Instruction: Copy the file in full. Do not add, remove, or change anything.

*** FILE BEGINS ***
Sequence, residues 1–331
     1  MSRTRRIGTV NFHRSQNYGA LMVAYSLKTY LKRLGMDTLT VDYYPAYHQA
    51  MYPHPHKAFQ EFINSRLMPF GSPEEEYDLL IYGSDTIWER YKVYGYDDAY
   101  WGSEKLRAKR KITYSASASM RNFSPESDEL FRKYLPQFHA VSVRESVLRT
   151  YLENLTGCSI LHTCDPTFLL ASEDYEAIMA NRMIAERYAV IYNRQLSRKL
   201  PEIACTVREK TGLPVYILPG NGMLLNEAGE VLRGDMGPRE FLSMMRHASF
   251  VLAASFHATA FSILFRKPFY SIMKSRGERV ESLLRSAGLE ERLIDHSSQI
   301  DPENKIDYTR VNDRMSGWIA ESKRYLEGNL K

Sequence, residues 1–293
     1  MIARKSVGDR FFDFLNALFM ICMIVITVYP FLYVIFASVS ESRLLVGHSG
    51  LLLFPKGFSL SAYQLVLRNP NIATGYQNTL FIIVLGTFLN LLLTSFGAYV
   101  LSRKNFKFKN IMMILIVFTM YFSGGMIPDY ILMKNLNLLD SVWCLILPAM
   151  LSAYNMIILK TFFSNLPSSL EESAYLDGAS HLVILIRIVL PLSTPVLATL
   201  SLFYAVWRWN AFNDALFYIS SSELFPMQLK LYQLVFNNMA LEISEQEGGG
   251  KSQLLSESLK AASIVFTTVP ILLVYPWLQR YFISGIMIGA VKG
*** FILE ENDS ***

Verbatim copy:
Sequence, residues 1–331
     1  MSRTRRIGTV NFHRSQNYGA LMVAYSLKTY LKRLGMDTLT VDYYPAYHQA
    51  MYPHPHKAFQ EFINSRLMPF GSPEEEYDLL IYGSDTIWER YKVYGYDDAY
   101  WGSEKLRAKR KITYSASASM RNFSPESDEL FRKYLPQFHA VSVRESVLRT
   151  YLENLTGCSI LHTCDPTFLL ASEDYEAIMA NRMIAERYAV IYNRQLSRKL
   201  PEIACTVREK TGLPVYILPG NGMLLNEAGE VLRGDMGPRE FLSMMRHASF
   251  VLAASFHATA FSILFRKPFY SIMKSRGERV ESLLRSAGLE ERLIDHSSQI
   301  DPENKIDYTR VNDRMSGWIA ESKRYLEGNL K

Sequence, residues 1–293
     1  MIARKSVGDR FFDFLNALFM ICMIVITVYP FLYVIFASVS ESRLLVGHSG
    51  LLLFPKGFSL SAYQLVLRNP NIATGYQNTL FIIVLGTFLN LLLTSFGAYV
   101  LSRKNFKFKN IMMILIVFTM YFSGGMIPDY ILMKNLNLLD SVWCLILPAM
   151  LSAYNMIILK TFFSNLPSSL EESAYLDGAS HLVILIRIVL PLSTPVLATL
   201  SLFYAVWRWN AFNDALFYIS SSELFPMQLK LYQLVFNNMA LEISEQEGGG
   251  KSQLLSESLK AASIVFTTVP ILLVYPWLQR YFISGIMIGA VKG